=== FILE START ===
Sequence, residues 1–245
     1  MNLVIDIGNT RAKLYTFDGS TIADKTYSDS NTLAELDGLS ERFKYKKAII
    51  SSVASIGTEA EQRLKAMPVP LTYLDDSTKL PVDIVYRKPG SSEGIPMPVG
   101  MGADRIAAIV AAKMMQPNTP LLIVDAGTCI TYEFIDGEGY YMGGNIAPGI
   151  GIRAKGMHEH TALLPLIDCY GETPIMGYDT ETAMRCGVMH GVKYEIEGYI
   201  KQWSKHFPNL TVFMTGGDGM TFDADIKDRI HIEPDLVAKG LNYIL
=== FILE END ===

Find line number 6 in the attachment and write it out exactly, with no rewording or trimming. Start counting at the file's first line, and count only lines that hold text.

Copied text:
   201  KQWSKHFPNL TVFMTGGDGM TFDADIKDRI HIEPDLVAKG LNYIL